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Your procedures are dumb. The fact that you stick to them idiotic.

It’s somewhat of an understatement to say that I hate rules and procedures. The laughing sound you just heard was everyone who’s ever worked with me chuckling about that understatement. The reason for my dislike is easy: Rules and procedures usually assume that everyone’s an idiot. In my experience the only people who thrive in these environments usually are idiots.

I’ve been reminded of that while working together with a couple of agencies on the new website for a mutual client. The lead agency pitched their way of working to the client. It sounded like a good idea at the time. There would be a lot of communication, which is expensive but can reduce the overall costs. Everyone would use their project system, and they would take the lead.

I had the intention to rant about just the top things that went belly-up, but let me shorten that to: When you have people running things who consider the process the end point you end up with a giant turd. In this case the website was late and missed essential features. The process was followed to the letter, and even though it’s raison d’être is avoiding birthing an absolute shit show, it still ended up launching just that.

Procedures: Sounds good, doesn't work

The reason for that is pretty straight forward: when you put the process ahead of the actual outcome your outcome will always be worse off. Because while the tough ought to get going, their hands are bound by the way they ought to act. These sort of systems have a way of casting out people who can actually think. Don’t take my word for it. Here’s Reed Hastings of Netflix fame’s take on procedures:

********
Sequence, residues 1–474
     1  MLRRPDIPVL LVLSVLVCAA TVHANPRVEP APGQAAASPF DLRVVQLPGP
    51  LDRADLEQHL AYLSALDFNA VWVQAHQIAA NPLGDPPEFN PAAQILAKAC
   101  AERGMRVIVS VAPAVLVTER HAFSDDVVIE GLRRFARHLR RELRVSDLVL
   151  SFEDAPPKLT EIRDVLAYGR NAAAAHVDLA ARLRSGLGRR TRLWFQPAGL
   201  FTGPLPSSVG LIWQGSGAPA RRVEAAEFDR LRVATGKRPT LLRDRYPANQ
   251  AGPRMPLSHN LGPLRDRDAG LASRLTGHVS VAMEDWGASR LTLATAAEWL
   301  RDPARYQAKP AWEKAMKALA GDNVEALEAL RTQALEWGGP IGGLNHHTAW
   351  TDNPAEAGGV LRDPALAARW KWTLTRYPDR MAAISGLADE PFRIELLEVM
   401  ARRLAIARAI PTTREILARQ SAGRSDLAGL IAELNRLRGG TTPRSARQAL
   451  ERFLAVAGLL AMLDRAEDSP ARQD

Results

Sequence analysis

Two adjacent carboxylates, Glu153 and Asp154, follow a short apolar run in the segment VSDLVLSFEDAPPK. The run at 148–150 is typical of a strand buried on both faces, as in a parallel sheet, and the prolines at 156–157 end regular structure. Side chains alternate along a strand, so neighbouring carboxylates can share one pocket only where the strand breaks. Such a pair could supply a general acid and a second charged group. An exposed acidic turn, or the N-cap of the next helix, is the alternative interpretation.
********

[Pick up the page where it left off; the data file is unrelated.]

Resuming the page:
The mistakes in Pure was that every time we had a significant error: Sales call didn’t go well, bugs in the code. We tried to think about it in terms of: what process could we put in place to ensure that this doesn’t happen again, thereby improving the company. And what we failed to understand is by dummy-proofing all the systems. That we would have a system where only dummies wanted to work there, which was exactly what happened.

How questions checklists can help

As the strategy dude at bakermen it’s my job to create a framework that allows everyone to get to their best work. We’ve kicked around all ideas between total freedom (chaos), and flowcharts (way too rigid). We ended up settling on a question & action checklist.

These consist of questions that ask about key items that we find important. They will always start with asking what the main objective is for this campaign. Everything that follows needs to have this objective as it’s north star.

We then run through a set of questions designed to get someone thinking about KPI’s. We want them to think about where performance is won and lost. Each question expands to show a few scenarios and how to deal with them. The point is to think about the north star, and how this item on the list helps us get there.

It’s our version of commander’s intent, a military technique used to increase your odds of success. You don’t tell a company how to conquer and defend a bridge. You show them how it can be conquered and where defending it fits into the bigger picture. When the company succeeds it can now help achieve the big picture goal more efficiently. When it fails it can improvise to achieve the same intent in a different way.